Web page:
ISSUE 62 AUTUMN 2010

Peace Matters Index

of medals and beacons

ONLINE contents


- of medals and beacons
- remembering hiroshima
- welcome to warmongering wales
- the new military balance
- 1933 -2010 white poppies for peace
- jean giono
- feminism and war





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complete issue pdf


Call of Duty: Modern Warfare 2 went on sale the day before Remembrance Day last year and was promptly criticized by Keith Vaz MP who was ‘absolutely shocked’ by it. ‘It contains such scenes of brutality that even the manufacturers have put warnings within the game’. In response fellow Labour MP Tom Watson set up the Gamers' Voice group to counter such criticism. The game went on to become the biggest selling video game in the UK.

Soon to launch this year is Medal of Honor, a game already breaking pre-sales records; it has got our very own Defence Secretary Liam Fox a bit excited. What with worrying about how to pay for replacement for Trident, these must be testing times (a piece of advice: scrap Trident). Liam Fox is of course ‘disgusted’.

The Press Association quotes Fox suggesting that the game should be subject to a retail ban: ‘It's shocking that someone would think it acceptable to recreate the acts of the Taliban. At the hands of the Taliban, children have lost fathers and wives have lost husbands. I am disgusted and angry. It's hard to believe any citizen of our country would wish to buy such a thoroughly un-British game. I would urge retailers to show their support for our armed forces and ban this tasteless product.’

Let’s run that again: At the hands of the Taliban and the coalitions, including British troops, children have lost fathers and wives have lost husbands. I am disgusted and angry. It is incredible that any citizen of our country would wish to make British men and women cause such misery.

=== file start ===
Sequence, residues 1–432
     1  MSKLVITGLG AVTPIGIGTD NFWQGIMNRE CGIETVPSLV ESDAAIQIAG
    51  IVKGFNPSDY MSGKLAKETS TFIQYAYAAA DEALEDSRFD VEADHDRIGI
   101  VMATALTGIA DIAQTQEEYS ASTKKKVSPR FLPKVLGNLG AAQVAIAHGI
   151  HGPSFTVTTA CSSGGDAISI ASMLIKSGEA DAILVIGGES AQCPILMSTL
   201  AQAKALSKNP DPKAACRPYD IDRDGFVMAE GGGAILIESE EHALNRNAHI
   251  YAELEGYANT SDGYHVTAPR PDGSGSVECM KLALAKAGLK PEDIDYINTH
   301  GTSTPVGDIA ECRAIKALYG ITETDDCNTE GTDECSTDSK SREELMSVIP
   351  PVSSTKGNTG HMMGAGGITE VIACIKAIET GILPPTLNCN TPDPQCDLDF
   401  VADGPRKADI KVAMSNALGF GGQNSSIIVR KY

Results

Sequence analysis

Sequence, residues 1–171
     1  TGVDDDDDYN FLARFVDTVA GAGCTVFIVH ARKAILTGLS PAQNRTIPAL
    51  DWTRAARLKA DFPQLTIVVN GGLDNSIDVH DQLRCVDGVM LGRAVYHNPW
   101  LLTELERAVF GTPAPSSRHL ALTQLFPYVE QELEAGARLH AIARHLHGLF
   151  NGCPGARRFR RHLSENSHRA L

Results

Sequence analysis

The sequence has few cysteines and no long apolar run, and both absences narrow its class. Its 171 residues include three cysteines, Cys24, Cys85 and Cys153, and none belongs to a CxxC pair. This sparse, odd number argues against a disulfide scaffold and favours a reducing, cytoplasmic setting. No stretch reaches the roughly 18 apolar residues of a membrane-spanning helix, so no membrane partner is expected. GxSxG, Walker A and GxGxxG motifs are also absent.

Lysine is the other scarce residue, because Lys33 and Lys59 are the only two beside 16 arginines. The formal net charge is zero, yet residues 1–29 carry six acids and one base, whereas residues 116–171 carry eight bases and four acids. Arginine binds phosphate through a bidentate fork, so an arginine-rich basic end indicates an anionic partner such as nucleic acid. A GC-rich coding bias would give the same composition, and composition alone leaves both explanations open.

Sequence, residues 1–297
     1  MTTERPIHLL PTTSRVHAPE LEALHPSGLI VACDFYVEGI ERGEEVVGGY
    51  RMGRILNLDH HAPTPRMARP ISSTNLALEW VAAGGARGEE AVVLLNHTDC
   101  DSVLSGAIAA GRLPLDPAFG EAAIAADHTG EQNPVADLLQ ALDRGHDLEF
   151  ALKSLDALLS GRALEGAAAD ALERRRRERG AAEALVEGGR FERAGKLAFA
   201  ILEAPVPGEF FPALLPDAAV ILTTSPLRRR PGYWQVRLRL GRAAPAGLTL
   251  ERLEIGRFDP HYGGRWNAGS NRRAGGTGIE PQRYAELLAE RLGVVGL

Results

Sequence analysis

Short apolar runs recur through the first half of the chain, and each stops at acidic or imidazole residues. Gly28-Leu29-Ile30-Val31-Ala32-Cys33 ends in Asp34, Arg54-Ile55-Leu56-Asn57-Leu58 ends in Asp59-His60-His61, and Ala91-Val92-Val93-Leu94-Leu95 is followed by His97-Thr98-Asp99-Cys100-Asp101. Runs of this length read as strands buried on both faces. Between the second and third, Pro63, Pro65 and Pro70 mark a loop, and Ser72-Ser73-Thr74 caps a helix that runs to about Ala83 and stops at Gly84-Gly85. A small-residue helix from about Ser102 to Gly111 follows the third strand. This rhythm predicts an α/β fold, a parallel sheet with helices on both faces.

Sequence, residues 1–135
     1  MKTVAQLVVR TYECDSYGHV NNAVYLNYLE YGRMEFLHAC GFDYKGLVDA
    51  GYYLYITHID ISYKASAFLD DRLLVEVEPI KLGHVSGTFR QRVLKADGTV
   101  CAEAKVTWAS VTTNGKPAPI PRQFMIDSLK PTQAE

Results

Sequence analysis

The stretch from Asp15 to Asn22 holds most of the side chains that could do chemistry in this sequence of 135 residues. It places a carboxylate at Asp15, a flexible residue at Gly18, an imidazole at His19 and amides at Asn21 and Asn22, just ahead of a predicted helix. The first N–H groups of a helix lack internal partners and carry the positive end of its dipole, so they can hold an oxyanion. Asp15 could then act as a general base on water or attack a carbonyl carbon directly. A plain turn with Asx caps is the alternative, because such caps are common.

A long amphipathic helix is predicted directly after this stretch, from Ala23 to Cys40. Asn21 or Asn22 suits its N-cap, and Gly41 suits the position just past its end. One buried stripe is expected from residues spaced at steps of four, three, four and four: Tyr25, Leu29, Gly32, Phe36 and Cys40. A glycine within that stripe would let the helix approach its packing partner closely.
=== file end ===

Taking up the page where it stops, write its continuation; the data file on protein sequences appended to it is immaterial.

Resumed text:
Electronic Arts’ spokesperson responded to the criticism saying that: ‘For one, Medal of Honor does not allow players to kill British soldiers. British troops do not feature in the game.’ The Department for Culture, Media and Sport has distanced itself from Fox's remarks, describing his comments as a ‘personal view’. So that’s all right then

Unsurprisingly most people’s reaction that appeared in the media has been to ridicule Fox’s comments – he should not be wasting time with piffling, irrelevant comments when he has a more important job to do. Some of us might add that, coming from a man who is begging for extra money to upgrade city-destroying weapons, it is a bit rich.

Missed by ‘knee jerk’ commentators is the dissonance between his ‘job’ and his disgust at ‘Medal of Honor’. Missed too is society’s general acceptance that pretending to kill, rape and generally cause mayhem has no effect whatsoever on the world around us. If as a society we found such violent games abhorrent might we not also be less tolerant of the state sponsor, taxpayer-funded wars that Tony Blair, parliament, the armed forces and all their suppliers foisted on millions of people in several distant countries?

Jan Melichar




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